Josep Borrell regrets that some Europeans want to rush the conflict in Ukraine to an end by stopping EU aid to kyiv, because of its high cost for European societies. He denounces “a mentality that must be overcome”.
“The temptation to give up is there but we cannot weaken, we must maintain our support for Ukraine”, declared the head of diplomacy of the European Union Josep Borrell, in an interview published on September 15 by the spanish daily El Mundo.
The one who is also the vice-president of the European Commission thus deplored that, among other repercussions of the energy crisis in Europe, a growing skepticism was developing concerning the financial support to be provided to Ukraine.
“There is a temptation in part of European society to give up [l’Ukraine]. People want to end the war because they cannot bear the consequences, the costs. This mentality must be overcome,” he said, quoted here by EuroWeekly News.
By evoking “the consequences” and “the costs” of the conflict in Ukraine for the European populations, the senior EU diplomat addressed a particularly divisive subject within the 27: both the subject of the contribution to financial and military aid to destination of kyiv than that of the adoption of anti-Russian sanctions on energy are the subject of differences. As a reminder, the EU has adopted numerous economic and diplomatic sanctions against Russia and delivered arms to kyiv, in reaction to the Russian “special military operation” in Ukraine, launched at the end of February and which the 27 denounce as a war of ‘invasion.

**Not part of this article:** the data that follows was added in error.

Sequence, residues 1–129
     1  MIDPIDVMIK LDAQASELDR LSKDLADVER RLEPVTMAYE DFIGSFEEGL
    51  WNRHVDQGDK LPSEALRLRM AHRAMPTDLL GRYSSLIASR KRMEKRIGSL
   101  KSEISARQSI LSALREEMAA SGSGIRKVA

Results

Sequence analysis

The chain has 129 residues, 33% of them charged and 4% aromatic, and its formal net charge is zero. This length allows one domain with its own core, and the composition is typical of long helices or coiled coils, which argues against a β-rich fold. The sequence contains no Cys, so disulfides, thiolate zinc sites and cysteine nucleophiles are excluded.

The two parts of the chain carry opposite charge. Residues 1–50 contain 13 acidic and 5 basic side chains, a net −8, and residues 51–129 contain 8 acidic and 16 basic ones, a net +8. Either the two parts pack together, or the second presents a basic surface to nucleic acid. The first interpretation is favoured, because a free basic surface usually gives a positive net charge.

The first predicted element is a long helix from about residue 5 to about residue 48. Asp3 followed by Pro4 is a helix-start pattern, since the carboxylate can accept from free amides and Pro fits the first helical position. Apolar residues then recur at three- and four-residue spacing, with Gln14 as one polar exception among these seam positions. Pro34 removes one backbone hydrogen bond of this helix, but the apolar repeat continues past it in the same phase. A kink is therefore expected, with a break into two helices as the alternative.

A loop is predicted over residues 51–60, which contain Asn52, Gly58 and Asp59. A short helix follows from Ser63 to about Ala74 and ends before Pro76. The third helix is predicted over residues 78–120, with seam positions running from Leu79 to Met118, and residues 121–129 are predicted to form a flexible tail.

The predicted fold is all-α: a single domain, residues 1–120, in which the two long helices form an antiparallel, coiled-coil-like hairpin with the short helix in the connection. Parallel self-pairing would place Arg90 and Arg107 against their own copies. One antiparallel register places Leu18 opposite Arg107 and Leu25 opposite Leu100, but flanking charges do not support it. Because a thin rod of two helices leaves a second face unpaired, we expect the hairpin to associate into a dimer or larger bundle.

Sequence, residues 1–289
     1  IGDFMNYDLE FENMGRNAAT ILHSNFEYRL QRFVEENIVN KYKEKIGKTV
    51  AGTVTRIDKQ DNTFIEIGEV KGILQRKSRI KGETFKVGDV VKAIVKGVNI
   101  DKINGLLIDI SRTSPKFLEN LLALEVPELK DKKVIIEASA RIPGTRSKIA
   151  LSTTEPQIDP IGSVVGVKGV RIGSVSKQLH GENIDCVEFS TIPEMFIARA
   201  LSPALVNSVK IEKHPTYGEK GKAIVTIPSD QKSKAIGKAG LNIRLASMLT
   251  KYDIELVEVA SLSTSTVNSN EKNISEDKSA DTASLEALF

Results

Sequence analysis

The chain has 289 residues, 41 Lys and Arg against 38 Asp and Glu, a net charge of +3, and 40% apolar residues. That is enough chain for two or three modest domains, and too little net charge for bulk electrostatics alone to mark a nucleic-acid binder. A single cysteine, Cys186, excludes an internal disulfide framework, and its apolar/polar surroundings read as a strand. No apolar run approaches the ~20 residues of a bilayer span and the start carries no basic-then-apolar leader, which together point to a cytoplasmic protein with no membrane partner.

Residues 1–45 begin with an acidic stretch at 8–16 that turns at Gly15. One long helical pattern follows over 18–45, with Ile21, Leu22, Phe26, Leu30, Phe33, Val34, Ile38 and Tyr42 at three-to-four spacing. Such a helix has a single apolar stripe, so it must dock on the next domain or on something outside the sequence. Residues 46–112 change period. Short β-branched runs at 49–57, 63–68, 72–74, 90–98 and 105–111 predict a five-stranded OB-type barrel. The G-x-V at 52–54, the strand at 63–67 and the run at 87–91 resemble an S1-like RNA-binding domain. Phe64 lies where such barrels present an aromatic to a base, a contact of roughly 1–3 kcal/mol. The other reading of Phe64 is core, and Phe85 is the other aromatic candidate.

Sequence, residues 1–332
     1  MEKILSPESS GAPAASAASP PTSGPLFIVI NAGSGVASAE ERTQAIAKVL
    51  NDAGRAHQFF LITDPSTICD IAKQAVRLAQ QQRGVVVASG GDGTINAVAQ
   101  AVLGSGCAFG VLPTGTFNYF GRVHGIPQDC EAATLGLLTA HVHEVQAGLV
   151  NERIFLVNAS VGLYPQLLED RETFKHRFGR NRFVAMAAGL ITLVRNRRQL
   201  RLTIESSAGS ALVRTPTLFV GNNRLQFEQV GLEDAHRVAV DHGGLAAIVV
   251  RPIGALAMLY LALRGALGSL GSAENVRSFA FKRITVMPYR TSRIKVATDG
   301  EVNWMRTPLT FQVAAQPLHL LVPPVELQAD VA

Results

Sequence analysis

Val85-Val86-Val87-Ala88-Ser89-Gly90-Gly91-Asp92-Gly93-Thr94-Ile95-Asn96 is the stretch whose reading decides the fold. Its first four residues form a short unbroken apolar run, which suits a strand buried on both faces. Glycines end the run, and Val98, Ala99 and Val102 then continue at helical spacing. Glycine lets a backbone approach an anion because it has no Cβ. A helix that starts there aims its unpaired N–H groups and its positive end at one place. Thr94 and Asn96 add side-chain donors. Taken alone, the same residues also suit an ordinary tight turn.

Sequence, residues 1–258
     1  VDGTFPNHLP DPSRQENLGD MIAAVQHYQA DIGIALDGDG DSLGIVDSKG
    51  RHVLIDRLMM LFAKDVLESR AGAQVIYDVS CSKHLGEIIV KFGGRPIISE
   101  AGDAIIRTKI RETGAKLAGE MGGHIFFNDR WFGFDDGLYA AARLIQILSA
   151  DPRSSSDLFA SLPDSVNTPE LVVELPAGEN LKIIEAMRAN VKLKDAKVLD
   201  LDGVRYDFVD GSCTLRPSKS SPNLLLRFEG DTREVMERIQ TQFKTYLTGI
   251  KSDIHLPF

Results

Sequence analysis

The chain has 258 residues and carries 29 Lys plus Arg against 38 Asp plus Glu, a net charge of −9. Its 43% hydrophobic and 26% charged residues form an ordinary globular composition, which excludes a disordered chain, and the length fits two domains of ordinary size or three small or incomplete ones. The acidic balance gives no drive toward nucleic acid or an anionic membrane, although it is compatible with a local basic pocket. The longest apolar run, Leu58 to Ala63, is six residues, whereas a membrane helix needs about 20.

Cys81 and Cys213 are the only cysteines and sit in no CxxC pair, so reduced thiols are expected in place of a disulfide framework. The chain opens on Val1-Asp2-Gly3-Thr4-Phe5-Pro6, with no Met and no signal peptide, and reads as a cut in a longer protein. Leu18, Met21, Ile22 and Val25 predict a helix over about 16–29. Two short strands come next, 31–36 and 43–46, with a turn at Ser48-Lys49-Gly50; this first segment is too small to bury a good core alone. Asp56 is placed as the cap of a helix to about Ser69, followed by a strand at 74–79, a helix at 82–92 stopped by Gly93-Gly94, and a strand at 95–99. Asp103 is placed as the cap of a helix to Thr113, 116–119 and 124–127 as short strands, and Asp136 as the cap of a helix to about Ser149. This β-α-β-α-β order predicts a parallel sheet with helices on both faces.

A protest movement emerging in Europe
Recently, several European countries have also seen the emergence of a protest movement against such political choices.
Some 70,000 people demonstrated on September 3 in the center of Prague against the Czech government, accusing it of paying more attention to Ukraine than to its own citizens.
In France, a demonstration was organized in Paris on September 3, in particular to demand the country’s exit from NATO and the EU. Ahead of the Paris rally, the organizers had invoked, among other things, the “organized shortages” according to them by the authorities (in the context of energy tensions linked in particular to the conflict in Ukraine), the “explosion in prices” or even the “climate of war”, in order to mobilize the demonstrators.
A week later, it was the Austrian capital that saw thousands of demonstrators opposed to the sanctions targeting Russia.